“These sweeping changes will tip our economic balance in a profoundly negative way,” said Richard Koroscil, interim president and CEO of the Chamber, in an open letter to Wynne. “The implementation of some of the policy options being considered would have the perverse effect of discouraging investment and eliminating jobs, thereby diminishing economic opportunities in Ontario. Politics cannot drive decision-making, evidence must…We support reform where and when it is needed, but we caution against change for change’s sake.”
Meanwhile, many Ontario-based promotional companies are wary of the effects the changes will have on business operations. “Some may think that perhaps only those at minimum wage will be affected by an increase,” says Janet Trachter, vice president of sales & marketing at Justin Case (asi/63698) in Markham. “But each earner on the org chart above the minimum wage-earner will seek increases to maintain their hierarchy of experience and length of service represented by the wages they earn.”
Trachter adds that equal pay for part-time and full-time employees will in fact result in part-timers being pushed out of the part-time job market. “Business owners will expect the same efficiencies of the full-time worker from the part-time worker, and will retain only the few part-time employees that are worth the higher rate,” she explains. “So those part-timers who worked hours that fit their schedules, and who found the wages for this work to be acceptable, will be forced out of the workforce.”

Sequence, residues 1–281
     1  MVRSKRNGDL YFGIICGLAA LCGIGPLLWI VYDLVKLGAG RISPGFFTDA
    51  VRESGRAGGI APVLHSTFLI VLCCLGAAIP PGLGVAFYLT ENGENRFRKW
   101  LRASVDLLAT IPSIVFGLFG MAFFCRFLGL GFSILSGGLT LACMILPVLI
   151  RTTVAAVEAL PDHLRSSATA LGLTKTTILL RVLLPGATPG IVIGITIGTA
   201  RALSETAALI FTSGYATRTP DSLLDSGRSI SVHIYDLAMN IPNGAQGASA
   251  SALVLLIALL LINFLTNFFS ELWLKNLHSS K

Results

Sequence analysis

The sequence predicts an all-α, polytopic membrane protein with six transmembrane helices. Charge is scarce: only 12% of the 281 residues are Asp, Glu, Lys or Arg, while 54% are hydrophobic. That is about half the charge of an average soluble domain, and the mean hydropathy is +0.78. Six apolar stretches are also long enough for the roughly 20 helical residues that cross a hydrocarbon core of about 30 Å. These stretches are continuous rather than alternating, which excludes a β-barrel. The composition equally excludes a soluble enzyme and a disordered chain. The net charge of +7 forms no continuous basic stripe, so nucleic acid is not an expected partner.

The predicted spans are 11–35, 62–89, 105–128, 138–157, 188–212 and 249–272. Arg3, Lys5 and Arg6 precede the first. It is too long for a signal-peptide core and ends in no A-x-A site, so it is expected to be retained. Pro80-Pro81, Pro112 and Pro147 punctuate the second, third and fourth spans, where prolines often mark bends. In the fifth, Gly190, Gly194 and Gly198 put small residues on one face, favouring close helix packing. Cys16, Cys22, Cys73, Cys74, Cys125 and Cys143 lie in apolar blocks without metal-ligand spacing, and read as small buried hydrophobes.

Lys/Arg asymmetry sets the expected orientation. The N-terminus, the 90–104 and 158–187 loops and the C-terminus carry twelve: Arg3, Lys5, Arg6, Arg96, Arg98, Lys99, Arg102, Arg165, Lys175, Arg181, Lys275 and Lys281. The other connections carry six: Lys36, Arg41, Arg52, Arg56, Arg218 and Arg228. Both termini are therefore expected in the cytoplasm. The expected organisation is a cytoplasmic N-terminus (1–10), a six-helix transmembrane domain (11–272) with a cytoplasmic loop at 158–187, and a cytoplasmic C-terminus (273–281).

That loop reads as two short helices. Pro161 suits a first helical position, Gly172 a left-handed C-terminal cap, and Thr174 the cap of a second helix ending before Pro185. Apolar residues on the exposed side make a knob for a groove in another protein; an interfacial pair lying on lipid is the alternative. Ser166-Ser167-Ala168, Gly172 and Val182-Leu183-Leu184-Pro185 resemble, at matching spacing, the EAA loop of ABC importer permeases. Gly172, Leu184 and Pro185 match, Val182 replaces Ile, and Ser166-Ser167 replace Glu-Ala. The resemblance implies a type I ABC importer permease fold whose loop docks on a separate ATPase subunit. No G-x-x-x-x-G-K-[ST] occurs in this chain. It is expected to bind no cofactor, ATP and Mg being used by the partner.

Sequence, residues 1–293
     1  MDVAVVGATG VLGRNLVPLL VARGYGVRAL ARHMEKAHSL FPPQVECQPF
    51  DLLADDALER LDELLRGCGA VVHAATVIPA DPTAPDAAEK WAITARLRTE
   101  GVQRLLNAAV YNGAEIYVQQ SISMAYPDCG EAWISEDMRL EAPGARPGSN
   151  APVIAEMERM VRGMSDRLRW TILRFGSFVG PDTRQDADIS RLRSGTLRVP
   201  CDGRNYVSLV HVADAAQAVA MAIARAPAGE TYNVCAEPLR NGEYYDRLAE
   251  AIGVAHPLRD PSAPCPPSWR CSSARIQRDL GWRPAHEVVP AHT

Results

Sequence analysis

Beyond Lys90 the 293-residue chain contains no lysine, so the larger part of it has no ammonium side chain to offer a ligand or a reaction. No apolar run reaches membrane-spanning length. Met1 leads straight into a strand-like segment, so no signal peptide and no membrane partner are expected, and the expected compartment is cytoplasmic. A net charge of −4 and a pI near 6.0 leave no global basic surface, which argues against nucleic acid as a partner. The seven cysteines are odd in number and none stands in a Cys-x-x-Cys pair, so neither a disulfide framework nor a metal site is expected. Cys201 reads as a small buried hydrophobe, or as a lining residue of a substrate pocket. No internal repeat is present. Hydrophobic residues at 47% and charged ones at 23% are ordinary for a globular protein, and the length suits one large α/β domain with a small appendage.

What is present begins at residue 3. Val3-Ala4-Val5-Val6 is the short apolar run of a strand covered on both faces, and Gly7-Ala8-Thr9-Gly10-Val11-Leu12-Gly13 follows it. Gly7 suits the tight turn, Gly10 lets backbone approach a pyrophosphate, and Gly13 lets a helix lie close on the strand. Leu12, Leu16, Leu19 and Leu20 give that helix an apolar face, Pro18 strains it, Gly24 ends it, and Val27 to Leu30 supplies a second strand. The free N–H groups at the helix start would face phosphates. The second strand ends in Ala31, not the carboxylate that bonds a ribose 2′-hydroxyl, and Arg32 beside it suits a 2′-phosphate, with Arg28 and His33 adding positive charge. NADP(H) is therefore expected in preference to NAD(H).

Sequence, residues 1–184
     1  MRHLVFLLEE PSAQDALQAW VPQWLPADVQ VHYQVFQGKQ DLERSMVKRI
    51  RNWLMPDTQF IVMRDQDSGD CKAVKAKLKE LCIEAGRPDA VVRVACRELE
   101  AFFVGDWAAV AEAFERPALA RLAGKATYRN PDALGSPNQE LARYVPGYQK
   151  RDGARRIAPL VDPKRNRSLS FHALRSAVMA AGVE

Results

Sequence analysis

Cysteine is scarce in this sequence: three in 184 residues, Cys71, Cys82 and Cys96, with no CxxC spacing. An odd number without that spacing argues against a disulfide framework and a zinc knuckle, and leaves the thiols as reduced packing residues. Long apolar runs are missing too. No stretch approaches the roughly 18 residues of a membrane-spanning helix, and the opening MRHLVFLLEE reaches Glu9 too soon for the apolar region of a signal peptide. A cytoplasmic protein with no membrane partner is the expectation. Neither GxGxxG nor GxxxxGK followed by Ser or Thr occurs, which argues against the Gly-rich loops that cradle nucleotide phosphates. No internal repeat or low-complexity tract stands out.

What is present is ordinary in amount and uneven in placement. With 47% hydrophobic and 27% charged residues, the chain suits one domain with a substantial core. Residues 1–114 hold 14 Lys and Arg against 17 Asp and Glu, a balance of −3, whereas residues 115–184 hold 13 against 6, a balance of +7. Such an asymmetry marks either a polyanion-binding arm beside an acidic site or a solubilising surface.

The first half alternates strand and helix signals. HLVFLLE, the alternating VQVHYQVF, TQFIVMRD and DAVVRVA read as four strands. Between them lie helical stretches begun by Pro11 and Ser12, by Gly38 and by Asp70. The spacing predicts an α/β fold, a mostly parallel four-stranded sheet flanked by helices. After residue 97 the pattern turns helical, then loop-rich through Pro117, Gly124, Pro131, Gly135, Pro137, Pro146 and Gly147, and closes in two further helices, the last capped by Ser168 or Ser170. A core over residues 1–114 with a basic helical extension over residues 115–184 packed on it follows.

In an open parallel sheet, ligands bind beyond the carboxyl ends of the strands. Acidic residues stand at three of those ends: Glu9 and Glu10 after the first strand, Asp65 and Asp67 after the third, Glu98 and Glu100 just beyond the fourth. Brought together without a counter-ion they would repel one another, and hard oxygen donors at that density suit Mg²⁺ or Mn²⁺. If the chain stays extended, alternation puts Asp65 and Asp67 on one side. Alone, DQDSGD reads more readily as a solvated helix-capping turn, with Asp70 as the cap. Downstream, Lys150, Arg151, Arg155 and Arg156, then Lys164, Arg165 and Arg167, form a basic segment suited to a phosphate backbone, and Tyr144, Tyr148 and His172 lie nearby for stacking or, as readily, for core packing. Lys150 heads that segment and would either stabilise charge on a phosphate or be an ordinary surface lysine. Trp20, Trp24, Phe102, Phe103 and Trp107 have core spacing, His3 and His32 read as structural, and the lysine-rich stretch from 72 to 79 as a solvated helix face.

Ralph Goldfinger, CEO of Canada Sportswear (asi/43684) in Toronto, also anticipates a smaller workforce if these changes are implemented, particularly a minimum wage increase, which he says will be reflected in higher prices on goods sold to their customers. “Clients will not want to pay more money and push back on price increases, causing suppliers to neutralize them,” he says. “This can only happen by reducing employment numbers or by increasing productivity through mechanization. Due to the short lead time, most neutralizing will be due to reducing head count.”